US marines attempting to negotiate with Marjah area elders

As this article points out the area is still not pacified and it would seem that the Taliban is still embedded in the area and harassing the marines. The citizens themselves are upset at the numerous checkpoints. All of this is going to require plenty of personnel and even more money. The money could very well end up in Taliban coffers as well.


US Marines offer war or peace to Afghan elders

by Karim Talbi


SISTANI, Afghanistan (AFP) – The tribal elders gathered in the desert outside Marjah, the frontline of the US-led battle in southern Afghanistan to provide services and security after years of Taliban control.
Around 20 sat in a circle, waiting for Lieutenant Colonel Brian Christmas, US Marine commander in northern Marjah who has -- so far -- kept American troops out of the small village of Sistani to the northwest.
Nearly two months after US Marines led what was billed the biggest offensive against the Taliban in more than eight years of war, troops still come under daily fire from insurgents and bombs are still exploding.
Four recent bomb attacks wounded at least nine US or Afghan service personnel and clashes between Marines and insurgents are frequent.
When the Americans reached Sistani, they encountered no Taliban and no fighting, so they agreed to an elders' request not to patrol the village.
But intelligence reports suggest that fighters increasingly use Sistani as a rear base, building IEDs and infiltrating Marjah to attack Marines then slipping back to hide out of reach.
"There are Taliban among you. There are Taliban sitting here. I know it. I encouraged it. And it is good," Christmas tells the group.
In the second row, where Christmas thinks the Taliban are sitting, men look away or finger their prayer beads.
"Not all Taliban are bad. Some have been influenced by foreigners, from Iran or Pakistan. But now Taliban should lay down their weapons," he says.
Although providing reconstruction and services to communities is integral to the new US strategy to quell the Afghan conflict and allow American forces to start leaving in mid-2011, efforts remain tentative.
"As long as there is peace in Sistani, ANA (Afghan National Army) and Marines will stay outside and life can get better," Christmas says.
He recalls how a US Marine was wounded when a bomb hidden in a goat carcass exploded while being transported by a donkey.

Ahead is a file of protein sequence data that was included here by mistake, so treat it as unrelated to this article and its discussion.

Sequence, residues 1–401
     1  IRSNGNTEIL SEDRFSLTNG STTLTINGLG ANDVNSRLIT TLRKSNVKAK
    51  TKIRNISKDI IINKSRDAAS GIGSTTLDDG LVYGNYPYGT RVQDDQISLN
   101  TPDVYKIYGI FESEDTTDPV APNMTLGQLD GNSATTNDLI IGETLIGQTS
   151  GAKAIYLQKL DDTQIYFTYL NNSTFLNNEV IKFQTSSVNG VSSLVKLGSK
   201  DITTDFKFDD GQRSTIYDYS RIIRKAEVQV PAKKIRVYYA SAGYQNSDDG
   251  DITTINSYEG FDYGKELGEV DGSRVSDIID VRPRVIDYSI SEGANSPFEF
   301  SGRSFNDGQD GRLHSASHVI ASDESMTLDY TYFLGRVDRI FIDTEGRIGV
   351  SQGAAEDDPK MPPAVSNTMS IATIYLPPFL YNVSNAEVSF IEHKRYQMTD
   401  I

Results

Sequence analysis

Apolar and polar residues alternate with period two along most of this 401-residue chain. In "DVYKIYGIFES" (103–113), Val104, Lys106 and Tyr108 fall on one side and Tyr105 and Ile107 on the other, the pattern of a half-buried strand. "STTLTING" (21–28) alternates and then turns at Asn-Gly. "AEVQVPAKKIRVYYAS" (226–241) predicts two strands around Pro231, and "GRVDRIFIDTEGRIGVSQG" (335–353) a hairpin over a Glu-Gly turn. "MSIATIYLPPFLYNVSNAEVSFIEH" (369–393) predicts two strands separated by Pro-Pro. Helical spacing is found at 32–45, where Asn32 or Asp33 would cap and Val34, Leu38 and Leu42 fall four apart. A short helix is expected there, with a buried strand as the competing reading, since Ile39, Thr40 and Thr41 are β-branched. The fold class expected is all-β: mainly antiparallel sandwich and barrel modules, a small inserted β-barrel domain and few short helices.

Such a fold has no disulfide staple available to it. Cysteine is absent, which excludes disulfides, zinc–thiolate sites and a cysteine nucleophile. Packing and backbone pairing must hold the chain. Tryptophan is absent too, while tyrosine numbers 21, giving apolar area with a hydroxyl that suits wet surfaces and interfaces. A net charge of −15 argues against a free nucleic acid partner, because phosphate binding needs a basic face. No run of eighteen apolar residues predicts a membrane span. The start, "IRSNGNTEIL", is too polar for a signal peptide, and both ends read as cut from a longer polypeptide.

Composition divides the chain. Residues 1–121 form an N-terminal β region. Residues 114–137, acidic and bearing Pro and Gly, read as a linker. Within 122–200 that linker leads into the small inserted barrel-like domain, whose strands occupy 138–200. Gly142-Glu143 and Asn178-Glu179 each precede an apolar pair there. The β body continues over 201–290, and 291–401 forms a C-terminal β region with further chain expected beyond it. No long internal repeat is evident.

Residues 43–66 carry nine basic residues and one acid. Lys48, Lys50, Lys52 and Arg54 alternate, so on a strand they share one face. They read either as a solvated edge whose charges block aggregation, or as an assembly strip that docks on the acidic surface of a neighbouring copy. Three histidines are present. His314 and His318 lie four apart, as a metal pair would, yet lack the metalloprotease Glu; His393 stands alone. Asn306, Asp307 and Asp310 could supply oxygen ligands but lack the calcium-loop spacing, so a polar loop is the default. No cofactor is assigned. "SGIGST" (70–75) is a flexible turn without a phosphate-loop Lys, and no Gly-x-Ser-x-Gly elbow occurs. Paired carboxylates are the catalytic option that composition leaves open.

"It's up to you to decide what you want," he says -- put simply it's a choice between American guns or American resources.
The aid on offer is simple in this desperately poor and deeply conservative rural backwater rising out of the desert: wells, schools and mosques.
Elders say there are no government schools, only 46 mosques in the district of Sistani, some of which operate madrassas offering basic education.
Many boys don't go to school because outlying mudbrick homes are too far from the nearest madrassa.
Trial elders say they are worried about vehicles being searched at checkpoints on the outskirts of Sistani.
"Sometimes it takes two hours to get through," complains one Afghan with a long black beard.
Searches will continue, Christmas says, but he also promised that Afghans will soon have identity cards, which will ease the Marines' work.
"The average search time is 18 minutes. We are getting better," he says.
The tribal elders clamour for schools, school supplies and dozens of wells.
"We'll start by providing wells to the bazaar, because it's for community use. Then we'll move to individuals," Christmas says.
The tribesmen say they have six teachers and "one or two" doctors. Sistani is even poorer than Marjah because the desert cannot support the poppy that earns many southern Afghan farmers a basic subsistence.
"We want six small schools," pipes up one Afghan.
"Ok. Tell me where and we'll build them," said Christmas. "How many school teachers do you have? We can build schools and pay school teachers."
The Americans promise to return again with a map to work out where Afghans want to put wells, schools and mosques. They say residents of Sistani can work on the most urgent construction projects -- hired and paid by the Marines.
An explosion blasts through the desert in the distance. No one reacts.
The shura finishes with a prayer. Everyone, Marines included, bow their heads and hold out their palms, Muslim-style towards the sky.
The Afghans then bid farewell and disperse.
"Now we have to wait," concludes Christmas.

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